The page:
Ganondorf Ocarina of Time

Every story in the Zelda series has its villain, and they always play a very significant role. Whether it’s Ganondorf, one of his puppets, or someone else entirely, the games tend to flow the same, leading up to the climatic final battle where the villain is overthrown. Although their roles are significant, their threats as villains are not. Very rarely do they pose a real threat to the hero, or to the whole land itself. In comparison to other villains, those of the Zelda series could be viewed as rather disappointing.

There is one real factor that makes a villain truly threatening. That factor is time. In all too many Zelda games, from The Legend of Zelda to Ocarina of Time to The Wind Waker, from Twilight Princess to Phantom Hourglass, villains lack this threat of time. Link can run around trying to be a hero for as long as he likes, and there is no threat of the land becoming any worse than it is. He has forever to overthrow the villain, because the villain does nothing but sit in their castle waiting to be overthrown. The villain does nothing to cause a real living threat. There is no timeframe for the hero to accomplish his task before it is too late.

Vaati Official Art

Sure, some of the games do have the villain threatening the world. In The Wind Waker, the Great Sea is slowly being overcome by evil, or in Phantom Hourglass, the lifeforce is slowly being sucked from the people. It is only a matter of time before the world is thrown into turmoil and the villain triumphs, but the game doesn’t ever show that. The threat isn’t truly there for the players, it’s just the same old hollow threats.

We can look to any classic tale to see that the predicament of time is what truly makes a villain daunting. In The Lord of The Rings, the Ring must be destroyed before Sauron obtains it, so that he can’t turn the world into darkness. In Harry Potter, Voldemort must be stopped before he accomplishes his goal. Even in The Matrix, Neo must succeed at a stopping the machines, otherwise Zion will be destroyed, along with human existence.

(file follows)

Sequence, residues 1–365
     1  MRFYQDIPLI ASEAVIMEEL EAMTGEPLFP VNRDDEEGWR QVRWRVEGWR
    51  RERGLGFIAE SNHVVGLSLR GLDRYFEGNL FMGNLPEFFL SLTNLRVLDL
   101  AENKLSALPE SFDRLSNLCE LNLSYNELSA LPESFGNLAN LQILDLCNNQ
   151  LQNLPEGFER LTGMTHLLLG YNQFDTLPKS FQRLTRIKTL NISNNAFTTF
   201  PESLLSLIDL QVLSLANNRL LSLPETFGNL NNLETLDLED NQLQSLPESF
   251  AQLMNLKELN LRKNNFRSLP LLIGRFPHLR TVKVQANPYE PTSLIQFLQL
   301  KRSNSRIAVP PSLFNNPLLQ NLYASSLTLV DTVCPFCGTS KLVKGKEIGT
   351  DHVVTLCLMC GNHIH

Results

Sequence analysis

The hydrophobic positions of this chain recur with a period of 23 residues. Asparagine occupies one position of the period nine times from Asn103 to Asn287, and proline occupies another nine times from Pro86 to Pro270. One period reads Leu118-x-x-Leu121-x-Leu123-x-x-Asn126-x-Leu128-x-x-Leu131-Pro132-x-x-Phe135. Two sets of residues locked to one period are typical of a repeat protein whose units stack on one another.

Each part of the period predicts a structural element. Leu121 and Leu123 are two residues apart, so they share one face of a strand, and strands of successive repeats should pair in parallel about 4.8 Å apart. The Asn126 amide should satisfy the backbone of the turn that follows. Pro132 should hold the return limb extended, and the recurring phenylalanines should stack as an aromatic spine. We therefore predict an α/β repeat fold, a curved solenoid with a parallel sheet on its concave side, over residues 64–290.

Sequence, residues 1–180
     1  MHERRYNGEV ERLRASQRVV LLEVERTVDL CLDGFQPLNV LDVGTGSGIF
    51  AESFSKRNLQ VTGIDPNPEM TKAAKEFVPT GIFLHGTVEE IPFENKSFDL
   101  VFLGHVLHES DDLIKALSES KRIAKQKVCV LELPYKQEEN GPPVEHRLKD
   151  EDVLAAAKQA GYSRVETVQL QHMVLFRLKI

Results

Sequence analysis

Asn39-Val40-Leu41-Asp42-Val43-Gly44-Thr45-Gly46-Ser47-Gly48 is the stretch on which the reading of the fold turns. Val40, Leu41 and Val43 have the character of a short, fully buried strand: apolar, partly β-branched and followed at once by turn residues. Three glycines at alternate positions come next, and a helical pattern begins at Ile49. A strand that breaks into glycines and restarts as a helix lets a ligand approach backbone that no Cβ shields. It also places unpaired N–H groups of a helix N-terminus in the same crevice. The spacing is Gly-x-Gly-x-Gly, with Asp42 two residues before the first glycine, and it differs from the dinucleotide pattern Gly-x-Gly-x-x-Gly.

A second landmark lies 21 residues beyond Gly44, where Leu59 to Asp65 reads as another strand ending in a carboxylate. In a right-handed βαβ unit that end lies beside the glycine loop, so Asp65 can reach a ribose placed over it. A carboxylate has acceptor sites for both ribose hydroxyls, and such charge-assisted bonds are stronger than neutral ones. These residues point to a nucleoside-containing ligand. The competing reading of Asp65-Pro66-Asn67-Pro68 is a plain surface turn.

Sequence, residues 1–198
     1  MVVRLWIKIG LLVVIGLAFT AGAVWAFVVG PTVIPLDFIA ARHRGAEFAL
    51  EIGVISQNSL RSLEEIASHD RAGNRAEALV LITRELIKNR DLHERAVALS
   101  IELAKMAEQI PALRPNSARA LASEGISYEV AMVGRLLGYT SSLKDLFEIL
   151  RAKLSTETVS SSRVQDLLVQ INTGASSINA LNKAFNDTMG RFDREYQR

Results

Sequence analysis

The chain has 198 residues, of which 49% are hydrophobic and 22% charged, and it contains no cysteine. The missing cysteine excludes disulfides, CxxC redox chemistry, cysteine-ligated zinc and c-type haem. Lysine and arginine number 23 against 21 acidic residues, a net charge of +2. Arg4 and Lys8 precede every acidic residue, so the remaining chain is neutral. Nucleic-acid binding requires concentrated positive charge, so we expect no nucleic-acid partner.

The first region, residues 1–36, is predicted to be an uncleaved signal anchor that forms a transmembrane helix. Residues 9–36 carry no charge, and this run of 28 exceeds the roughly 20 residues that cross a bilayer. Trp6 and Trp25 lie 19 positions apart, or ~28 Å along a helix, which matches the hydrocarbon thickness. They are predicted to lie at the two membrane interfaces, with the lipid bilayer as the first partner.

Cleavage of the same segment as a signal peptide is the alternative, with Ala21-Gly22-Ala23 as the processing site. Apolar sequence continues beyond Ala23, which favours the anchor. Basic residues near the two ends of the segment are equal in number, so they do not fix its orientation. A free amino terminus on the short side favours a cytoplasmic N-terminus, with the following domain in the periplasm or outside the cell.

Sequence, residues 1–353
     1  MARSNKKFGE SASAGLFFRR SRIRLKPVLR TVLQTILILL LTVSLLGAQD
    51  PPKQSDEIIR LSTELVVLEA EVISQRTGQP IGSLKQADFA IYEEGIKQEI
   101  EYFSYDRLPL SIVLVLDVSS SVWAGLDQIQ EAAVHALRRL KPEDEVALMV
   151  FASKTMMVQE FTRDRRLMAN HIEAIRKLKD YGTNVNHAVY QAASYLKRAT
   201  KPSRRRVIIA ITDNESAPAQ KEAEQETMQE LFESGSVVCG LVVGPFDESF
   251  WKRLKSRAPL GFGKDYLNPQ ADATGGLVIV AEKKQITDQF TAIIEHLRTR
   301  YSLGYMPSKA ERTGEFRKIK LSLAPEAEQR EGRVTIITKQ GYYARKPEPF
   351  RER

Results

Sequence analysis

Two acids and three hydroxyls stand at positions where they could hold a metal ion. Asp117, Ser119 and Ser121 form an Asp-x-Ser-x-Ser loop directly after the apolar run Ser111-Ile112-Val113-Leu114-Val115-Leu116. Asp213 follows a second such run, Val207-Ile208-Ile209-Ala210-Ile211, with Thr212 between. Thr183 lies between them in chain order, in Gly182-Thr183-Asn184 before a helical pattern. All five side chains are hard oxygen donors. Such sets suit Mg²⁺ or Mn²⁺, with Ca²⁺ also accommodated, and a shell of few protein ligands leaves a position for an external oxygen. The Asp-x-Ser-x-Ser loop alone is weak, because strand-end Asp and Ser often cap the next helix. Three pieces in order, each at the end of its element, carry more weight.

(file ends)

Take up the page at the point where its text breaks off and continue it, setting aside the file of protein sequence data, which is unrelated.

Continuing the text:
In Zelda it isn’t ‘save Hyrule or else…’, because there rarely is an ‘or else’. If the hero decides to quit, the world won’t suddenly feel the effects. The villains of the Zelda series generally pose no real threat, but on occasions, they have. In The Minish Cap, players must defeat the three Darknuts within the time limit to stop Vaati from obtaining the whole Light Force, and becoming the ruler of the world. Although only for a small moment, Vaati was actually threatening the land of Hyrule through this factor of time, through this factor of ‘stop me or else’. Not only did it make him more of an antagonist, but it also made that part of the game challenging.

The argument is often made that Majora is the ultimate villain, because he simply loves destruction and is the embodiment of pure malevolence itself. Majora’s Mask is the only game in the series where the villain is truly intimidating, because Majora plays to the time factor. ‘Stop me within 72 hours or else I will crush your whole world with my moon’. That seems a lot more threatening than ‘Yeah, I’m up in my castle, I’ve got Zelda, why don’t you come and join us?’ Defeating Majora is a true accomplishment, because players have witnessed the emotions and fears that Majora instills in the people, something Ganondorf doesn’t seem to do.

Majora's Mask

Maybe it is simply a limitation of the game genre; putting in a ‘do this or else it will be a game over’ variable is too hard to implement. Nintendo worry that it will make the game too frustrating, too hard for the casual players, but in fact, it will actually make the game itself, not break it. Once again, I want to fight a villain like Majora. A villain who, if I don’t succeed at overthrowing, actually poses an active threat to the people. I want to play as a Link who saves the people from what brings them depair, not who simply saves Zelda and prevents Ganondorf from obtaining the whole Triforce once again. I want to feel like I’ve accomplished something, prevented a catastrophe. Only then will I be able to sit back and acknowledge the villain as truly threatening.

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